Weather

Lilly Martin Spencer (1822–1902) Young Husband: First Marketing, 1854 American, Oil on canvas; 29 1/2 x 24 3/4 in. (74.9 x 62.9 cm) The Metropolitan Museum of Art, New York, Gift of Max N. Berry, 2015 (L.2011.74) http://www.metmuseum.org/Collections/search-the-collections/21126

At the gas station, a woman pulls up on the other side of the pump. “Are you a Chiefs fan, or a Jayhawk fan?”

She has a mask covering only her mouth. I’m masked though, and we are outside.

“Uh, Jayhawk fan,” I said, since I have no interest in racist mascots or games that result in so much brain injury.

“So I have these,” she said, holding up two plaques, one regular Jayhawk, one Jayhawk playing basketball. “Which one would you like?”

“Sorry, not today,” I said. “But good hustle.”

I meant good hustle. In New York, good hustle is one of the primary routes to respectability. Midwesterners don’t generally like to be seen as hustling. It suggests you might need money, which you shouldn’t.

How would an older woman take my comment? I cringed. Well, I tried to say something nice.

Survived the weekend staying in my apartment while my cousin got married 40 miles away. It’s the only major family function I’ve ever missed, in 43 years.

I drove to a drugstore in the next town over. There were signs that said to drive to the drive-through window for the covid test.

Behind his window, a young white guy walked me through each step. It felt so good to be walked through something, and to know I was doing it right. I thought of the millions of times that, as a teacher, I’ve broken down directions into tiny steps, the billions of times I’ve repeated myself, or slightly rephrased what I said, or gestured, to get my point across.

Because he had told me clearly how to complete this depressing duty, I was a little in love with him by the time the swab had tickled both my nostrils to a sneeze. Fifteen seconds each.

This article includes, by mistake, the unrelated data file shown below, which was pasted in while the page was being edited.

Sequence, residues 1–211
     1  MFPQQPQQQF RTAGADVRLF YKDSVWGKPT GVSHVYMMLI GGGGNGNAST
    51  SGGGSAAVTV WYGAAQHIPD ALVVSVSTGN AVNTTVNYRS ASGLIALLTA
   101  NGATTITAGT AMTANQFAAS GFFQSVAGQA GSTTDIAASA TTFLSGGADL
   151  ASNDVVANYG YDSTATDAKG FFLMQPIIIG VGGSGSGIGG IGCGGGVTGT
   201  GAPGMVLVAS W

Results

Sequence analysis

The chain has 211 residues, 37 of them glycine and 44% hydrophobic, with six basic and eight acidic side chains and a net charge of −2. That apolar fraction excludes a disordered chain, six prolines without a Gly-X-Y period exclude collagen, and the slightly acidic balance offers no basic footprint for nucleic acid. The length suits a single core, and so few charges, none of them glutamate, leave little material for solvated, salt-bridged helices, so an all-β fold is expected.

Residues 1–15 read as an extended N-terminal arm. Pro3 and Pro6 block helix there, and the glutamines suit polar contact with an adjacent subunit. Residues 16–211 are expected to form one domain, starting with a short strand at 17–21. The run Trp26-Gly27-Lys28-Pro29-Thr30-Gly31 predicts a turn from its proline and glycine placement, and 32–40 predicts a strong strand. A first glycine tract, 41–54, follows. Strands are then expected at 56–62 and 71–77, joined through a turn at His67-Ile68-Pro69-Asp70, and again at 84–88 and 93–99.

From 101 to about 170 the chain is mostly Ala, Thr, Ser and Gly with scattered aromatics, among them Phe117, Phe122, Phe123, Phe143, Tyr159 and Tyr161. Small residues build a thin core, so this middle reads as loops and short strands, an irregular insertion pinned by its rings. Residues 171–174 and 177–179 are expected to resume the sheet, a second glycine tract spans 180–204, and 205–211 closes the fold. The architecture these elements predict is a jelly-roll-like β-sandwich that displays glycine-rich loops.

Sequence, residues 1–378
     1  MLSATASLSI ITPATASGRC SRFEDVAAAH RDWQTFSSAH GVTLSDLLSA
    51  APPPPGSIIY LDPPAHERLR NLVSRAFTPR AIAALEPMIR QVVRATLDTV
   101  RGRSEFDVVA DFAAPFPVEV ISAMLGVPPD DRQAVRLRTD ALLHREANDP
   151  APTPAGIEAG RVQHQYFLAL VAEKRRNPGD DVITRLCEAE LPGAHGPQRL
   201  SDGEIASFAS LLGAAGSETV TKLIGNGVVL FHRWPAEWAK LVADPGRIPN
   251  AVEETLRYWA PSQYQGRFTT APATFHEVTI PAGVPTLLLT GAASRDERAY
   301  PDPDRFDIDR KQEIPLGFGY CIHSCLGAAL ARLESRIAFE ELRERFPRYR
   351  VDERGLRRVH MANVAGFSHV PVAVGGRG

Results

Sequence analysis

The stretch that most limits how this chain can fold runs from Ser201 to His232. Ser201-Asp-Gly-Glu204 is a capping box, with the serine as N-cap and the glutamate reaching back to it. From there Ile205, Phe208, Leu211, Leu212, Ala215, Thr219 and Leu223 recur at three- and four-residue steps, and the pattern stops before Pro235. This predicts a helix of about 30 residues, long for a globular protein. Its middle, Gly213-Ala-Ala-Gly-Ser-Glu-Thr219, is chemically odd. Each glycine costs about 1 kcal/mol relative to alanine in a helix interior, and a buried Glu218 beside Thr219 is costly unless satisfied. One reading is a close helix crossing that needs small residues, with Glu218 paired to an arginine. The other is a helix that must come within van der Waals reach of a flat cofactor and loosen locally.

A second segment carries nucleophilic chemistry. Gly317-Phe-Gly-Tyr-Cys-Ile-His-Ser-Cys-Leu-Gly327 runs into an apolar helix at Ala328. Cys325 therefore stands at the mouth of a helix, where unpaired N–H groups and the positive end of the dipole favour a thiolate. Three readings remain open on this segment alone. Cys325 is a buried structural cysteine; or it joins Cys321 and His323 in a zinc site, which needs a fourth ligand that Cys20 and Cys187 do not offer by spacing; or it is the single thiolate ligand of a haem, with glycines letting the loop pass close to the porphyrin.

Now I know for sure how to get myself to sneeze, should I ever need to. I don’t know why I would need to, but then, I didn’t know I would need to stay out of my parents’ houses for months.

On my way home, I stop to pick up groceries. Fifteen people are holding signs on a sidewalk. How could there be a protest I don’t know about?!

It’s a pro-life protest, right in front of the huge parking lot where the university held all its covid testing, a month or so ago.

They’re spaced out for pandemic safety, but still I find it so strange. What are they doing? Either it is amazingly admirable, or completely ridiculous, in our current crisis.

One of the protesters is a nun in an old-fashioned habit. None of my nun friends wear habits. So whatever.

The road by the grocery store has been completely ripped up now, only one lane of traffic. So I do the new around and about route. It keeps changing. The spot where you picked up your groceries kept changing, and now the roads keep changing.

I text, and tell them my name, and then a young man brings out my bags. As he picks up one of them, the cinnamon rolls and cereal and mac and cheese boxes fall out.

I did not get out of the car to help him pick the stuff up.

“I’m sorry, I just-“

“No, I’m sorry, I’m only not getting out of the car because pandemic.”

So someone, in this situation, must yell and throw a fit. I’m better than that person. But not so good that I stop myself from explaining why I have been impolite, so that he knows I am good.

He put three brown bags of groceries in my back seat.

“At least it’s really nice weather,” I say. I desperately miss talking about the weather with all the random people I ran into. It wasn’t the weather, it was, “hey, I’m a person, you’re a person, I see you there, person, existing in the same place I am existing.”

“Yeah. I wish they would finish working on the road. The traffic flow is weird. And I’m trying to figure out how to be prepared for when it’s snowy out here.”

“Oh, me, too,” I said. “Me, too.”

Image: “Young Husband: First Marketing,” Lilly Martin Spencer, 1854, Metropolitan Museum of Art.

One thought on “Weather”

  1. Meaningful conversation with strangers is going be a lost art fairly soon. I read something somewhere this morning, maybe it was in the newspaper which I still get delivered to my front lawn, steps or porch depending on the day and the mood of my carrier. Nice guy though – I always tip him generously at Christmas. The phrase that struck me was that the person talking mentioned ” The Weight of the Moment.” There is an old rock song called ” The Heat of the Moment” and we can guess what that’s about but weight is something completely different altogether.

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